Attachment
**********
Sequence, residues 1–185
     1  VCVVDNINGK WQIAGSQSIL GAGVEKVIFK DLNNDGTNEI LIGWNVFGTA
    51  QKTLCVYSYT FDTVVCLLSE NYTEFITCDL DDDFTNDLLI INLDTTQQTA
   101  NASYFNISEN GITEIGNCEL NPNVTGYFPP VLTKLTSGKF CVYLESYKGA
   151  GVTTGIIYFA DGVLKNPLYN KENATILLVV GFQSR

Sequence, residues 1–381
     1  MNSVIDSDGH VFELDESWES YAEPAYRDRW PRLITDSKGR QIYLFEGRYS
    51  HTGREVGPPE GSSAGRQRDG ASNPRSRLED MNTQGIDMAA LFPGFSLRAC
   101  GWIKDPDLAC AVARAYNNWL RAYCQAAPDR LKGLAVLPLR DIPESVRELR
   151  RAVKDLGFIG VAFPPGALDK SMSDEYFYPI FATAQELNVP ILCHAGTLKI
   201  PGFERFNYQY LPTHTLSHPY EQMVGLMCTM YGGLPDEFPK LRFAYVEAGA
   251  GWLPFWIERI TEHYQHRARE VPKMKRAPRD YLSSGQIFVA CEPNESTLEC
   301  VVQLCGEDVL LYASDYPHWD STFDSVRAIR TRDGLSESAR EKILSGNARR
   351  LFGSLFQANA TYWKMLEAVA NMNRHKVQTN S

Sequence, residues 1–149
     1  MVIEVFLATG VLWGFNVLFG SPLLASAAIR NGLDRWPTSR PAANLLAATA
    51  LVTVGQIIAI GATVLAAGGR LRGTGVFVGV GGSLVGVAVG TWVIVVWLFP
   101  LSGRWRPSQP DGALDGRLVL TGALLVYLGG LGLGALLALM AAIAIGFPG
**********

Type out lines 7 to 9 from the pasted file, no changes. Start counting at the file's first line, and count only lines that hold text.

     1  MNSVIDSDGH VFELDESWES YAEPAYRDRW PRLITDSKGR QIYLFEGRYS
    51  HTGREVGPPE GSSAGRQRDG ASNPRSRLED MNTQGIDMAA LFPGFSLRAC
   101  GWIKDPDLAC AVARAYNNWL RAYCQAAPDR LKGLAVLPLR DIPESVRELR